A three-member state commission has affirmed a decision that the Seattle City Attorney’s acted properly when it ended a longstanding contract with a private law firm and instead opted to handle in-house much of the defense of police officers who need legal representation.
The unanimous ruling by the Public Employment Relations Commission (PERC) panel, issued Thursday, stemmed from an an appeal brought by Seattle Police Officers’ Guild (SPOG) of an earlier finding by a PERC examiner.
The examiner, Emily H. Martin, found last year that the change was not a mandatory subject of bargaining as alleged by the guild, and that the city’s action fell within its “management prerogatives.”
The guild filed a complaint in 2011 after City Attorney Pete Holmes announced he was not renewing the city’s contract of nearly 40 years with the Seattle law firm Stafford Frey Cooper. The firm no longer exists under that name.
Under the new approach, police officers in legal trouble are primarily represented by the City Attorney’s Office or, in some cases, outside counsel hired through competitive bidding. Included is complex litigation alleging misconduct, wrongful arrest, wrongful death, excessive use of force and violations of federal civil rights.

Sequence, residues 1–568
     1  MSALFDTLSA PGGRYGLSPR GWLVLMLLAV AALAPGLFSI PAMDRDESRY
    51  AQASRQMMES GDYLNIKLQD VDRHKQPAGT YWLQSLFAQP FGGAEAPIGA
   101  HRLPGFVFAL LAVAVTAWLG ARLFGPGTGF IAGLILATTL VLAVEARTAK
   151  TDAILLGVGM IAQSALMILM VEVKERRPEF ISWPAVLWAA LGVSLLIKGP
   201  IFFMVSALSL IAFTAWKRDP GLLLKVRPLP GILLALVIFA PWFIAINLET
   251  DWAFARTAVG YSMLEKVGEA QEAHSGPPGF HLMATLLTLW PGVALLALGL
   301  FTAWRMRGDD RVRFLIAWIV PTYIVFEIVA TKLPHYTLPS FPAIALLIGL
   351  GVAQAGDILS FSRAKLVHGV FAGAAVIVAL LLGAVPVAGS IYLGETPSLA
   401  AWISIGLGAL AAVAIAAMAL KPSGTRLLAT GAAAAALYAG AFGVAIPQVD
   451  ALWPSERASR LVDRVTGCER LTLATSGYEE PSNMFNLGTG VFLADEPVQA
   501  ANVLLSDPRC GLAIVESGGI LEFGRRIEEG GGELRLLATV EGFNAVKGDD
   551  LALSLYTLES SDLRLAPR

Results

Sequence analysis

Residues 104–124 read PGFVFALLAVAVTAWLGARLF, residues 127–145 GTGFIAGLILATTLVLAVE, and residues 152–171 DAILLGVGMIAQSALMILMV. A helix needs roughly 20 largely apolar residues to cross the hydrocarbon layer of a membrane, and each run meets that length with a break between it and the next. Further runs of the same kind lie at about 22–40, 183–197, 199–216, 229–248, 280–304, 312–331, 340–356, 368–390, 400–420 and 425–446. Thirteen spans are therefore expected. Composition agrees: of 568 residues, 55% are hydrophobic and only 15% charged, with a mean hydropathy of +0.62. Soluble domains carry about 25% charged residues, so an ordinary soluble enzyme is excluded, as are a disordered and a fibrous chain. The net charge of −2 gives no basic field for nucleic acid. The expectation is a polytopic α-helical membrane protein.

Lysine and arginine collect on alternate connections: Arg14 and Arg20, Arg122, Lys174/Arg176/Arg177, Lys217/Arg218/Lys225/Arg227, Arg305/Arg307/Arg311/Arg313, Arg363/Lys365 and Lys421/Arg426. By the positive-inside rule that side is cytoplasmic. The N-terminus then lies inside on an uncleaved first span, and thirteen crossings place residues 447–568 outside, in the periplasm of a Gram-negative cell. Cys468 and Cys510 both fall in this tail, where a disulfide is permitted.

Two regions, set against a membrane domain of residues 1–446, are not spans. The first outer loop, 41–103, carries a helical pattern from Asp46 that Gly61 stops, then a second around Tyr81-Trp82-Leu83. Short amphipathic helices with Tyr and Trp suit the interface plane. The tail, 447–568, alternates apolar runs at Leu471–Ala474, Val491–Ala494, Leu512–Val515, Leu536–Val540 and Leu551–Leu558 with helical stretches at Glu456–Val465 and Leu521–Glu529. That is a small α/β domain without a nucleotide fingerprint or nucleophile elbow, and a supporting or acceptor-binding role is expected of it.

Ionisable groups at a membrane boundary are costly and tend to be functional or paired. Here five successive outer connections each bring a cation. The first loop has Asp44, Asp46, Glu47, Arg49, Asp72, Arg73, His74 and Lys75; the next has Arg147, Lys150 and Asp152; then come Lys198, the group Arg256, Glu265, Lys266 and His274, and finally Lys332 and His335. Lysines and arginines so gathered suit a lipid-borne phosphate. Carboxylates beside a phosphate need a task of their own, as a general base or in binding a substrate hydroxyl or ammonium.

Holmes estimated at the time that the city would save an estimated $800,000 annually.
The guild, in its complaint, alleged the change interfered with employee rights.
Sgt. Rich O’Neill, president of SPOG, previously has said the unfair-labor-practice complaint was necessary because the guild’s contract requires the city to follow “past practice” in matters of police litigation. O’Neill also maintained the contract indicates the city was required to retain Stafford Frey Cooper to represent police.
Martin, in her decision, cited the guild’s “assumption” that an in-house attorney would provide inferior representation than Stafford Frey Cooper.
But the City Attorney’s Office has filled its in-house positions with experienced attorneys whose work hasn’t been shown to be of less quality, Martin wrote, noting that the city planned to bring 75 percent of the police-action legal representation in-house.